Arily Faith Kinsella O'Halloran

Daddy's Story

Jean and I had been thinking and talking about having a child since we got married in 2004, and we finally decided to start trying in late 2005. We didn't expect to get pregnant at the first real try! We found out in February 2006, and as you might expect we were over the Moon. It was a scary prospect - we were going to be parents, after all - but it was something I was looking forward to immensely. I was so excited, I drove Jean batty for the first few weeks! We held off until March before telling everyone - it was our first pregnancy and we wanted to spread the news to our families,friends and colleagues. It's a natural reaction.

The first trimester went so quickly. Jean had some problems with spotting, so we had a sonogram at 6 weeks 4 days to check for problems - and I saw my little girl for the first time. She was only a small white dot, but there she was. I cried, and there's no shame in admitting that! I spent my evenings talking to Jean's belly, talking to my little girl even though of course she'd not developed ears by that stage!!! I just loved being close to her,and I couldn't wait to see her in person in October. I say 'her' for a reason - even though we didn't know the sex, I always had a premonition that my first child would be a girl, so the baby was always referred to by me as 'she'. Jean felt the same, so the baby became 'she' from there on in!

The role of an expectant father is an odd one. Obviously, we're not the one carrying the baby, so we can't feel movements of the baby etc., and our role is really as support for our partners as they go through morning sickness, tiredness and all the associated symptoms - we're really just along for the ride, and so it feels a little unreal.  Jean got all those symptoms by the way, though morning sickness for Jean was more along the lines of a queasy stomach lasting 19 weeks! Plus she developed an unbeliveable sense of smell - I was banned from eating anything with garlic in it. The worst occasion was when we went to the cinema and I bought a hotdog. The smell of the dog was so bad for Jean, I was forced to eat the dog at the end of the end of the aisle and it was only after I finished that I was allowed back in her presence!!! As for getting a kiss afterwards, forget it! As she was so tired and sick, she didn't cook for several weeks - and as a result, I lost weight which is no bad thing. She had some moodswings, and we had some doozies of fights, but we always made up afterwards! It was tough, but was amazing.

We got to the end of the first trimester in one piece, the morning sickness eased and we looked forward to the second trimester - it was fun to look at books and pictures to see how our baby was developing at her gestational age. We started buying things for the baby, such as a baby chair, some baby clothes. One weekend, I bought over $100 of stuff from Babies R Us! Things were progressing nicely, and we were looking forward to the scheduled sonogram at 18-20 weeks and seeing our little baby. Things were progessing as they should.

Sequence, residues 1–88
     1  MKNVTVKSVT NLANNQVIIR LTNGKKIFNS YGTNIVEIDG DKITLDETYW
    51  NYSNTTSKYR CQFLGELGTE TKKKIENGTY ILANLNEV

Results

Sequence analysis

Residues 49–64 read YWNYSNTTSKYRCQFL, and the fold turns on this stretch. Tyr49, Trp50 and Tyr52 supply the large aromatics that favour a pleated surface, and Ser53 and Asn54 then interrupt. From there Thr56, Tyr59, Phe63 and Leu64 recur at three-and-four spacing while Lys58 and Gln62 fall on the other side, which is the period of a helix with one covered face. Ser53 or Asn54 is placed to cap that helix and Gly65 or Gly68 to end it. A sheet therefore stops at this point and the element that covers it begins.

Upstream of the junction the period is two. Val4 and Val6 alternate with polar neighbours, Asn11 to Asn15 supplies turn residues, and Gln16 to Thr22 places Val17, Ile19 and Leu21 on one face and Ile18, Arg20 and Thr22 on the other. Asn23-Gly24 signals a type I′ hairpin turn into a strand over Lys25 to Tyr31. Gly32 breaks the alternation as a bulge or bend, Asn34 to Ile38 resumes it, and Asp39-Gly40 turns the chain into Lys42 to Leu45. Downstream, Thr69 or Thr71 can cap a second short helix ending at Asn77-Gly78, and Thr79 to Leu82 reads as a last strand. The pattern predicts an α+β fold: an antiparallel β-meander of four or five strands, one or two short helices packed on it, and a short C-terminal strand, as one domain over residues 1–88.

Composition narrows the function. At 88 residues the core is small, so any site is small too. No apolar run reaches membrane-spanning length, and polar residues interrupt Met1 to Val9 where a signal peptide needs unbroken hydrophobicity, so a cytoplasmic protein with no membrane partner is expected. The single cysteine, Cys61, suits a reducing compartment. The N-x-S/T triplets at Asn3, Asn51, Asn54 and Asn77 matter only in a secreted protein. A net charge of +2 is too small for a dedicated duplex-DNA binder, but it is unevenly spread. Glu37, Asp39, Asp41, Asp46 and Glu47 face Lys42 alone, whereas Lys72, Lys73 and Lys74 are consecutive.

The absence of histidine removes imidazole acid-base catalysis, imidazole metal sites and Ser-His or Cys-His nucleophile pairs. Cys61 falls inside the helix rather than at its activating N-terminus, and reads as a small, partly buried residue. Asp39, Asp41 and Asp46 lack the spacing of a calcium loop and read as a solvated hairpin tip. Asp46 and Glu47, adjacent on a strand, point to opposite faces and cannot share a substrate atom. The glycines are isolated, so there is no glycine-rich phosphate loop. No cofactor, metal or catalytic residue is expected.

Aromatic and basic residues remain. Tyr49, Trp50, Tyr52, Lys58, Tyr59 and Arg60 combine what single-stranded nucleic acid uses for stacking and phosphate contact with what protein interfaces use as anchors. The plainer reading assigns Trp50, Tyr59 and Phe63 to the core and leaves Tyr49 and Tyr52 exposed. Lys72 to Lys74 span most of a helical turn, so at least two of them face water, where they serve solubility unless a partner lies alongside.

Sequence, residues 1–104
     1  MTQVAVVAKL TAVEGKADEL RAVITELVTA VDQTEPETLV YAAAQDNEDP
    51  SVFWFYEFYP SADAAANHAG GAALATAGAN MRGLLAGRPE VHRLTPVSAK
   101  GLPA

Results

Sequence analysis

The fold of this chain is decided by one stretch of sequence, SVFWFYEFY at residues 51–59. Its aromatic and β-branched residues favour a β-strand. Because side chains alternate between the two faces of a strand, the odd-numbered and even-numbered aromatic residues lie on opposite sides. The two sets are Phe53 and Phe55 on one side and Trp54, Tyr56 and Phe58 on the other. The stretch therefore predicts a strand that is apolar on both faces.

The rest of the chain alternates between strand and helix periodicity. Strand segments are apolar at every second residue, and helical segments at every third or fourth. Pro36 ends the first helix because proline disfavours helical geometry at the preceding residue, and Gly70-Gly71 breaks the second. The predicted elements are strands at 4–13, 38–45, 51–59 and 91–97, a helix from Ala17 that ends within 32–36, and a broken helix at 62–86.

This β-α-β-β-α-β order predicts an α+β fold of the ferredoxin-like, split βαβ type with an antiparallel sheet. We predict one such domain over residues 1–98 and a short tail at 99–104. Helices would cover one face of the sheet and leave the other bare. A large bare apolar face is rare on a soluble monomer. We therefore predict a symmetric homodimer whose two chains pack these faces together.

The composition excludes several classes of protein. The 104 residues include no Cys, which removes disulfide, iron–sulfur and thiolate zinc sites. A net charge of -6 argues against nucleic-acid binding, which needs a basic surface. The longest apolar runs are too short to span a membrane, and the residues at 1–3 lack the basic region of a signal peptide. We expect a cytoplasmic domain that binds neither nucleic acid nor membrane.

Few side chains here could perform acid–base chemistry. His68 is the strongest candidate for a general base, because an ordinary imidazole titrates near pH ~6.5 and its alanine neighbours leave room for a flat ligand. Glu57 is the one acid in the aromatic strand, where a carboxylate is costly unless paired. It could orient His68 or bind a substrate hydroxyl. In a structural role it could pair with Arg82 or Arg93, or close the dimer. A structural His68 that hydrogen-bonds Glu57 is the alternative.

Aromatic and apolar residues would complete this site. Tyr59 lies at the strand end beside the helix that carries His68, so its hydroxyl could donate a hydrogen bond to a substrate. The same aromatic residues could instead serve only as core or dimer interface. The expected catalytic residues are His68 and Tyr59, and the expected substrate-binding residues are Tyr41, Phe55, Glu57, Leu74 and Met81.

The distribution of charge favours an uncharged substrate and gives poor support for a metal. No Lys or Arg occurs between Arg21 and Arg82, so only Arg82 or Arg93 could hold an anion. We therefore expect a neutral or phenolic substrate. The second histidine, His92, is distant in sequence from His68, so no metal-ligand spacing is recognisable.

As Jean's sister has spina bifida, we opted for the AFP test to check for it. The test results came back indicating a higher risk for spina bifida, so we were called in for a more detailed sonogram. We were terrified at the prospect of something wrong with her, but we knew that if there was, we could deal with it - Donna, Jean's sister is such an inspirational little girl and she has dealt so well with it. We were brought in, and there was our little girl on the screen!!! She was an active little one to say the least, tumbling over and enjoying herself. When the technician tried to get her to move to figure out the sex, our little girl showed her personality - she put her hand to her head defensively and shook her head to say 'I'm not moving!' We had a stubborn little girl - something she's picked up from both her parents! Dr McLaren examined the sonogram images, and gave us good news - no sign of the typical indicators of spina bifida. She was a little smaller than expected - a week - but everything looked OK, and they'd call us in 3 weeks later just to make sure. We were so, so relieved that our baby was OK. We were so happy to see her on the screen, and laughed at the way she reacted. That's our little girl!

Three weeks passed, and the scheduled sonogram came along. We went back to Dr McLaren, and again we saw her tumbling and moving about - I couldn't help smiling when I saw she was so enjoying herself. I began to get worried when Dr McLaren started to pay a lot of attention to her chest area, and her heart in particular. He told us she had a multicystic kidney, and that it looked like it had shut down. She also had only one umbilical artery, and was lagging 2.5 weeks behind in growth - taken all together, it was a sign of chromosomal abnormality, trisomy 13,18 or 21. He offered us an amniocentesis that day to check, which we went for. The preliminary results would be back in 3 or 4 days, and the full results in two weeks.

We left the doctors office in a state of shock - we were so confident of getting the all clear for spina bifida, nothing like this even came into our minds. Suddenly, we were faced with the prospect of losing our baby. I'm still amazed I didn't crash the car on the way home. Jean spent the entire weekend looking on the internet for information - everything seemed so contradictory and confusing. I went into denial, hoping for the best, that she was just small and that things would be OK and she'd be fine.

On Tuesday the 13th of June, Jean and I arranged to meet for lunch. As she drove closer to me in the parking lot, it looked like she was crying - something was terribly wrong. When I got into the car, she told me the news - our baby had been diagnosed with Trisomy 18 and Turner's Syndrome, our baby was going to die. I sat there in shock, Jean was inconsolable. Our midwife, Karen called on my cellphone, asking me if we wanted to come in and talk with her. I accepted, and drove out to Arlington from Fairfax. Arriving in at the OB practice, we were ushered in quickly to Karen's office. She confirmed the diagnosis, and that was 'incompatible with life'. By this stage we were in floods of tears, but I was trying to keep some control of my emotions as I wanted to find out what our options were. Basically, it boiled down to the following: there was nothing that could be done for the baby herself, she was going to pass away but she couldn't give us a time frame as to when it would happen - but the option was there to continue the pregnancy and let nature take its course. The alternative was to end the pregnancy early. We could have a D&E in Washington DC - something we rejected outright - or Jean could be induced early. The hospital themselves did not offer this, and we were given the contact details of an OB in Alexandria. We told Karen we'd go home and think about it, and let her know our decision.